The Dōgen Institute offers an occasional series of questions from students with responses from Okumura Roshi  about practice and study. These questions and responses are from Okumura Roshi’s recorded lectures, and are lightly edited.

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For further study:

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Being one with chocolate, how does that work?

image © 2019 David S. Thompson

I’m confused about name and form, and the idea that if you end the subject-object relationship, and see what was formerly an object as part of yourself, you drop the attachment to it— practically speaking, how does that work? If I have a piece of chocolate, and try to end the subject-object relationship with that piece of chocolate, it’s a part of me, but I still want to eat it.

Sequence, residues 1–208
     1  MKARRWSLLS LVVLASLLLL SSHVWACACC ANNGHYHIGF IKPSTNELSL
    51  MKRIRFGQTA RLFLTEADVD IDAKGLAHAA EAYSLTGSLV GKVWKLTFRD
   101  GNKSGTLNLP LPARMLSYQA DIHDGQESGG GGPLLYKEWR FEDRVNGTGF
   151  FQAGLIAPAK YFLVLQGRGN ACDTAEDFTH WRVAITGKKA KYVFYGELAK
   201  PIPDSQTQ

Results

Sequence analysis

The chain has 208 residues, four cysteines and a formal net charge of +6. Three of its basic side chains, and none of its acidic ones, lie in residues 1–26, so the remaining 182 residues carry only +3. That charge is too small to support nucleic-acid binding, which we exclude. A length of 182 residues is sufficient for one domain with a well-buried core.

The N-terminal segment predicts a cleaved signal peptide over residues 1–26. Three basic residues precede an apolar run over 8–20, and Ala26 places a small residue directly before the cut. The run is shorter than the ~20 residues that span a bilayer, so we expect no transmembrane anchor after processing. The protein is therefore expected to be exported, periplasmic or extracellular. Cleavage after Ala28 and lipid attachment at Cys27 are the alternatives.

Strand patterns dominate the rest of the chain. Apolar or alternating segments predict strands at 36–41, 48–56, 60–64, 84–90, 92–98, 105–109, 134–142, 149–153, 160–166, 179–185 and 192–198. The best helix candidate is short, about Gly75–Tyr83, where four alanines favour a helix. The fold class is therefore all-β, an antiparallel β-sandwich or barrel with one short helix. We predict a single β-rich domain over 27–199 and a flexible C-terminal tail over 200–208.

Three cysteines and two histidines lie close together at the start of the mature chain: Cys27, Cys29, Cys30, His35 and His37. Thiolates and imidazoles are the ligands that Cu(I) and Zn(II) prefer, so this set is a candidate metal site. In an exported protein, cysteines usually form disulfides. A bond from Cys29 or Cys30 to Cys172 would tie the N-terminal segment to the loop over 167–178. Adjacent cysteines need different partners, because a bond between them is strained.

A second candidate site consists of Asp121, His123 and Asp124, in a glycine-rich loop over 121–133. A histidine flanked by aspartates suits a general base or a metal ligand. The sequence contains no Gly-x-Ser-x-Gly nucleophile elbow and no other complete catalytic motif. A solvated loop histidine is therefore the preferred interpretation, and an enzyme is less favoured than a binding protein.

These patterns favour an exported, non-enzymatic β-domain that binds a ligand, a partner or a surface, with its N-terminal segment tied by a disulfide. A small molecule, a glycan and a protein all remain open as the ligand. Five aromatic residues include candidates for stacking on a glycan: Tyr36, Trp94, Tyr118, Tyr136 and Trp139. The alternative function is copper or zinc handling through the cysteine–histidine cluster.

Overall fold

According to Buddha when we sit letting go of thought, or keep our karmic consciousness idling, then name and form (namarupa) disappears, ceases to exist. Do you believe this? I really believe this. This [holds marker] ceases to be a brown marker to me, this is just as it is. We let go of the name and evaluation, and try not to do anything with this. It’s there, but this is not a brown marker, we don’t make a judgment whether this is useful or not useful. It’s still here but it ceases to be namarupa. At that time, as in Dogen Zenji’s expression, it starts to be the Buddha Dharma, or to reveal itself just as it is. This is not namarupa or the object of my perception, but this is just as it is. That is just what Dogen Zenji says at the very beginning of Genjokoan, “When all dharmas are Buddha Dharma, there is delusion and realization, practice, life and death, buddhas and living beings.” When we let go of all of our different thoughts in zazen, all things cease to be namarupa and start to be Buddha Dharma. That is the time we can practice with all different dharmas. But still this is it. It doesn’t change, but the relationship between this person and this thing has changed. We encounter this not as a namarupa or object of my judgment or evaluation, but this is just as it is. It has its own form, nature, body, energy, and function. That is when I can practice with this [holds marker], when this starts to show the reality of all beings, impermanence, egolessness, and interdependent origination. As far as I perceive this as a brown marker, I have some connection or relationship. I’m hooked within this connection of a person who has a desire and the object of my desire to write or do something meaningful or valuable for this person. If we stop all those hooks, this thing starts to reveal the reality of all beings. It becomes a buddha that teaches us and shows us the reality of all beings. So it becomes a teacher. The relationship and meaning of this being becomes different. It’s still here but it ceases to be namarupa and starts to be Buddha Dharma.